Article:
Wednesday, 4 February 2009

Clare libraries rise to the Recession

Killaloe Public LibraryA serious downturn in the economy - such as we are currently experiencing - has historically been a boom time for public libraries.

Libraries become busier as people return to more economic ways of accessing information, education, entertainment and communication. More people tend to borrow – rather than buy – books, CDs and DVDs. In County Clare over 480,000 books, music CDs and film DVDs were borrowed from all branch libraries during 2008, an increase of 40,000 on the previous year. In Killaloe library Gráinne Ryan, Senior Library Assistant, has remarked on the increased usage saying "without examining actual statistics, I can tell from simply observing the number of people coming through the door that the library has been busier in recent months."

Libraries large and small become increasingly important as centres for job seekers and those returning to education, by providing diverse resources including free internet access, self-help books, and information on community assistance services.

Commenting on the situation Mayor of Clare, Madeleine Taylor Quinn, stated "Libraries are a great resource for those who wish to re-educate themselves financially and otherwise, and to learn new ways of cutting costs both in business and in the home. We have a wonderful service throughout the county. Practically any book you need can be acquired, either directly from the huge and varied Clare County Library stock of books or through the inter-library loans system. It’s a great and economical way of learning, educating and of reading for enjoyment."

In 2005, Senator Barack Obama spoke of libraries as "sanctuaries of learning". Today we’re more likely to hear the words "recession sanctuary" being employed to describe the public library and its increasingly vital role as a primary information provider in these challenging times.

Library usage patterns during difficult economic periods provide an interesting barometer of the psyche of a nation. Experience shows that people don’t like to read about doom and gloom, but instead like to read about good times. Escapist reading comes to the fore: crime, thriller, and romance books are borrowed and reserved in greater numbers. Romance publisher Mills & Boon says it has traditionally enjoyed stronger sales in times of crisis.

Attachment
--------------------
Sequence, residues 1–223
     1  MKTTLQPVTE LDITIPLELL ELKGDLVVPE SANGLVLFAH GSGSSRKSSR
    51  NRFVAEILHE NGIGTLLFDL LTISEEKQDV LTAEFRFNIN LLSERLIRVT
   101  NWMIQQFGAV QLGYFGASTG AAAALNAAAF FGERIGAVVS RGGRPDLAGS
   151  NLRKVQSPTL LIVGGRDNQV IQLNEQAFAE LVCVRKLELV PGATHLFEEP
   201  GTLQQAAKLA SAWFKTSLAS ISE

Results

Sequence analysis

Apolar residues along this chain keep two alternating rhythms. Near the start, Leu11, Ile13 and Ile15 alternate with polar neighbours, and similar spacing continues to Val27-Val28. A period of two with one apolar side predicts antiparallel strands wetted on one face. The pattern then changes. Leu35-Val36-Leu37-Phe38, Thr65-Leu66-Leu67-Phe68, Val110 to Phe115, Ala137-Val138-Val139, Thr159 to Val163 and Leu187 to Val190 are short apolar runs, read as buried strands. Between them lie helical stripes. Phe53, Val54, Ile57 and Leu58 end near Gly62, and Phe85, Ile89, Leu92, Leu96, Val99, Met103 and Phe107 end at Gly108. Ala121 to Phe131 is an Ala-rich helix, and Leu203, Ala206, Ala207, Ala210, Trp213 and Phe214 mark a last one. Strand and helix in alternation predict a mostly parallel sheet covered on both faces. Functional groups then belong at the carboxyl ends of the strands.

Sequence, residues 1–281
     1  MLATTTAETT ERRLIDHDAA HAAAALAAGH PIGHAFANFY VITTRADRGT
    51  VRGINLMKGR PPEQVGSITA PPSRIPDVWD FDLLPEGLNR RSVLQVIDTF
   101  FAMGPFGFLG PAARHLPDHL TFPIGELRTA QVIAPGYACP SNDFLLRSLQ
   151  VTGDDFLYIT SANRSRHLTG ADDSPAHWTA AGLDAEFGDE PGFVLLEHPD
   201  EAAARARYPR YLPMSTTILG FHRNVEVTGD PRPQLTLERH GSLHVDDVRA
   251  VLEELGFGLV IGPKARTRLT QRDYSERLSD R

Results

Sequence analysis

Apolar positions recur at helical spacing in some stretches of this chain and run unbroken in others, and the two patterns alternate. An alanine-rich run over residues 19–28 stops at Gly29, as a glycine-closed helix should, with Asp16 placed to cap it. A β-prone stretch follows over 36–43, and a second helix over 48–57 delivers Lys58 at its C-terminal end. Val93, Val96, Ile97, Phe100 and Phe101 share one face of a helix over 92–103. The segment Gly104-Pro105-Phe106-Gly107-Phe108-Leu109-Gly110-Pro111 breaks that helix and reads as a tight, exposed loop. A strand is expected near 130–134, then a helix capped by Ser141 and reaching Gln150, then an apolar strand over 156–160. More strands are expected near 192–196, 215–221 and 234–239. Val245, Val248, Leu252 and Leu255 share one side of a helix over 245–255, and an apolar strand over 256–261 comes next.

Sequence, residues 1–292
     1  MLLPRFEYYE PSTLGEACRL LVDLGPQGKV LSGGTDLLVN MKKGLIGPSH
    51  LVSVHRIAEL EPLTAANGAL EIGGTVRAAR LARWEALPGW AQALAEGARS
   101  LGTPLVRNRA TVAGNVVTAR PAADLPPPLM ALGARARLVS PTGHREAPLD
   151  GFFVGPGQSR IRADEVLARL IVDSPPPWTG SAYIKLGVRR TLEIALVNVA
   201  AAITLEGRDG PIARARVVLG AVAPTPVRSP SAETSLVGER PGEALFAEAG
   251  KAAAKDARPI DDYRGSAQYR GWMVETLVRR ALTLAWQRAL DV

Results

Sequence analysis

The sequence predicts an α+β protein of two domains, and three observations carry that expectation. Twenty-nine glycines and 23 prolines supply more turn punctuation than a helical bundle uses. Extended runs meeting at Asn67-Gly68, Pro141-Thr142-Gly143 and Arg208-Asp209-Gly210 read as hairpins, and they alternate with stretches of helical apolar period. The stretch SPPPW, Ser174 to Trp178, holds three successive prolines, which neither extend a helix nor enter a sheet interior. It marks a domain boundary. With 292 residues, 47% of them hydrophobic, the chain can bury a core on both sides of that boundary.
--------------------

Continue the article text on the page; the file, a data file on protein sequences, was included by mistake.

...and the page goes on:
The borrowing of non-fiction books in particular casts interesting light on the effects of a negative economy on library users. Self-help books become ever more popular. Do-it-yourself becomes more than just a hobby. Library users are now looking to fix their own cars and homes, grow and cook their own food, manage and reduce their own budgets.

Six of the top ten non-fiction books for the year were cookery books; a good indication that staying in is the new going out! And books of house plans and designs – for many years in the top ten most borrowed library books – have dropped way down in the popularity stakes.

The Official Driver Theory Test has topped the list of the top ten non-fiction books borrowed from Clare libraries since 2002. It was joined this year by Conor Faughnan’s Pass That Test, as changes to the provisional licensing system were implemented. Will there be a similar demand for this type of book in 2009?

There has always been an interest in books on spirituality and self-help in Clare Libraries, and 2008 showed a particularly strong move in that direction with high issue figures for Eckhart Tolle’s A New Earth: Awakening to your Life’s Purpose, Rhonda Byrne’s The Secret and Lorna Byrne’s Angels in my Hair.

Finally – and most encouragingly - the amount of children’s books borrowed in Clare during 2008 increased significantly, up a healthy 14% on the previous year, a good indicator that parents and children are eschewing the high cost of children’s books and making more use of that most reliable of flexible friends: the library card.

As the Dole queues lengthen, so do the queues at the library desk. Your local "recession sanctuary" is open for business.

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